MOJEFFER-L ArchivesArchiver > MOJEFFER > 2006-01 > 1137718505
From: Linda Reichert <>
Subject: Jefferson County Record - February 15, 1917 - Volunteer Transcription part 7
Date: Thu, 19 Jan 2006 18:55:21 -0600
Volunteer transcription - Linda in MO - Part 7
Jefferson County Record, Hillsboro, Mo
February 15, 1917
Vol. XIII, No. 8
[ page 2, column 2 ]
good price. I sold part of my wheat at $1.00 a bushel at the feed store
for chicken feed, the balance I fed myself. Could I have sold my wheat
at the regular price I could have taken the money and bough corn for it
at quite a saving. Why did I not sell my wheat at the mill? Because my
seed was not treated with bluestone formaldehyde, as it should have
been done. Did I not know that the wheat ought to have been treated?
Yes, I did know. I was raised in the country and my father would never
have thought of sowing wheat before it was treated with a solution of
bluestone. Then why did I not treat my wheat? Because my neighbors did
not treat their wheat and it was not the custom around here to treat
wheat before sowing.
When we have a farm agent he will travel over this county and he will
show the people how to treat wheat to prevent smut and it will be done.
Here is something else which may interest the farmer who raises
chickens. Chickens bring a good price now and farmers are well pleased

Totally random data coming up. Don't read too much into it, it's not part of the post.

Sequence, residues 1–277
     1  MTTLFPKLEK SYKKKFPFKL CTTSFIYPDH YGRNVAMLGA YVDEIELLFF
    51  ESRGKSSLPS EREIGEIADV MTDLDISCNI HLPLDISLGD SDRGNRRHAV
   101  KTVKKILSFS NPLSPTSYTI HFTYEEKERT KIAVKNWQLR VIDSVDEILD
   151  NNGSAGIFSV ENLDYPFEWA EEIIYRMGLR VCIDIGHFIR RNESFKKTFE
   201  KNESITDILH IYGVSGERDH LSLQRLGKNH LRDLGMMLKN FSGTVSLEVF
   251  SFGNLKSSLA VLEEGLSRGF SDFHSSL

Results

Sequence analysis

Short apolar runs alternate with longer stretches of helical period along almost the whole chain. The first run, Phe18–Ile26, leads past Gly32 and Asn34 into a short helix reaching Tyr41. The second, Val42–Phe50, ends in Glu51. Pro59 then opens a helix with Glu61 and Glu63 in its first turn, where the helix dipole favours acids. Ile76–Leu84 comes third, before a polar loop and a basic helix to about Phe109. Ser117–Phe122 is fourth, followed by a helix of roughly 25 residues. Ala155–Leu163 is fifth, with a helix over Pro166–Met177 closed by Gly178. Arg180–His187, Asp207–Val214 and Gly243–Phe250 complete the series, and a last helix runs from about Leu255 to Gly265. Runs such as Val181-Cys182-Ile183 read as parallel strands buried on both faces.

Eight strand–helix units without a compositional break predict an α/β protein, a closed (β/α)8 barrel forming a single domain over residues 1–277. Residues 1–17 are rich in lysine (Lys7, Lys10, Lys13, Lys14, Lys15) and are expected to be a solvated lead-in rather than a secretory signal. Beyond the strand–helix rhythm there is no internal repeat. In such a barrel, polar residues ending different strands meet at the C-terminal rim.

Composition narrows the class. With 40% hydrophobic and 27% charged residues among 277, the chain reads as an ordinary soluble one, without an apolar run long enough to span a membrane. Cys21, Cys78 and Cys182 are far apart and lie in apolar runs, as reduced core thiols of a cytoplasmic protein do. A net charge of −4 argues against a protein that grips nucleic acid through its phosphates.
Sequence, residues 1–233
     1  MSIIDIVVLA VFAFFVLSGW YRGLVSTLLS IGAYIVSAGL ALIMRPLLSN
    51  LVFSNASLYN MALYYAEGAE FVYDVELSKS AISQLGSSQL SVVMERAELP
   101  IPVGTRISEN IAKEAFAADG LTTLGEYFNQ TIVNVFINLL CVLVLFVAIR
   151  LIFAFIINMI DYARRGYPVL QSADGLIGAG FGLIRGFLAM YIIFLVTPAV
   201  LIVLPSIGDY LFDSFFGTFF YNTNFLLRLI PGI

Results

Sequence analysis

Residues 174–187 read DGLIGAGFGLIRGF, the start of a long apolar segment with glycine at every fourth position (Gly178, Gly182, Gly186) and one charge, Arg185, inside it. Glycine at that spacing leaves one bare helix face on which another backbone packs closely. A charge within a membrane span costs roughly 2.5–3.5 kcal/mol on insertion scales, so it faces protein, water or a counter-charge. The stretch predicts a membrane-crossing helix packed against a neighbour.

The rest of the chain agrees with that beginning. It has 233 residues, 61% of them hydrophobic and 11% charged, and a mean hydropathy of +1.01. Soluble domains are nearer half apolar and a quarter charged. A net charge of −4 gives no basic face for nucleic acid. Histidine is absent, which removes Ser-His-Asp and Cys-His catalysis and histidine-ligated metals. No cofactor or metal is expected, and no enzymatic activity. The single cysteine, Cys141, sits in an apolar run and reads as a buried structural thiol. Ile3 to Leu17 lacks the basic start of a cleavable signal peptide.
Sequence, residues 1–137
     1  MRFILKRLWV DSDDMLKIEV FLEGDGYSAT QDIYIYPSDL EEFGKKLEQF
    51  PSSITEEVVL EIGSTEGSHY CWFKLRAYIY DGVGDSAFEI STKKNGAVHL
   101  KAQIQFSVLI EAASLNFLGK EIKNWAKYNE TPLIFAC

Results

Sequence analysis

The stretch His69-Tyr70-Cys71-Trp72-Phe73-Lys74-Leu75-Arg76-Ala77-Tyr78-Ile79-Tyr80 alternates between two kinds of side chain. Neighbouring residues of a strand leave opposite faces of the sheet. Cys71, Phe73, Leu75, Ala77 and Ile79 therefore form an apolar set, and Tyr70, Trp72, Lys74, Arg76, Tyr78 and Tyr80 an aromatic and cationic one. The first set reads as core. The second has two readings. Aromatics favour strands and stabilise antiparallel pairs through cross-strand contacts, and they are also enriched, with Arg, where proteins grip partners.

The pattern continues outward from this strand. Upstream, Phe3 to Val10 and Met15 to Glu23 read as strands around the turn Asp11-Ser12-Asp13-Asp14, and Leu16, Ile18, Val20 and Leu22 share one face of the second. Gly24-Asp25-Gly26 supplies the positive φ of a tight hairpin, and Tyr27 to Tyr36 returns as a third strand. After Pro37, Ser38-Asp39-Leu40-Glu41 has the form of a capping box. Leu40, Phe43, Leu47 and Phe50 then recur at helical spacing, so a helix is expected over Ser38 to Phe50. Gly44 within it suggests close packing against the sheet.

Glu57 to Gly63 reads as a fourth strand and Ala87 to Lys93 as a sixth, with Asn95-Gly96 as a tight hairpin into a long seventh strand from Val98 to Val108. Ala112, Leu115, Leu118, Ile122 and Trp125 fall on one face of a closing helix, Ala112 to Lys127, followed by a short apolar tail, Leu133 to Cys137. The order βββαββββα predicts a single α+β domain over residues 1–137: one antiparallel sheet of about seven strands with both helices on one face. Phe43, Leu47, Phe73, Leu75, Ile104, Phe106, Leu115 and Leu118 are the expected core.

with the prices they are getting, bue[sic] this is no reason that they
should not wish to obtain more. Hundreds of coops are shipped from this
county containing young roosters; they bring a good price, but they
would probably bring double the price if they were caponized. The farm
agent cannot only show you how to do this work, he will also insist
upon this being done. There are lots of things which we know how to do,
but which we do not do, because there is nobody to stir us up to do it,
just as I showed you with the smutty wheat.
I will hav[sic] to close for this time. I will show you in another
letter other things other things[sic] the farm agent will do for us.
Robert A. HOLEKAMP
~ William P. WILLIAMS Sr. Dead ~
William P. WILLIAMS Sr. died at his home in Protection, Kansas, Monday
morning, February 12rh, Mr. WILLIAMS last year sold his big farm at
Morse Mill to Judson B. POUNDS and in the fall moved out to Protection
where he had purchased a farm. He was familiarly known as “Bill Jake”
by the old time residents and was a man of sterling worth and of
splendid character. He was a member of Joachim Lodge No. 164 A. F. and
A. M. at this place. Two sons Jesse and Lawson are also located near
Protection and John F. WILLIAMS of this place left here in time to see
his father before his death. He was buried at Protection, Kansas. We
shall try next week to give a more extended history of his life.
~ Mrs. Mary WOLGAST, widow of Wm. WOLGAST, died on February 9th in St.
Louis, and was buried at High Ridge February 11th. Mrs. WOLGAST was
over 70 years and has lived at High Ridge for many years.
|Jefferson County Record - February 15, 1917 - Volunteer Transcription part 7 by Linda Reichert <>|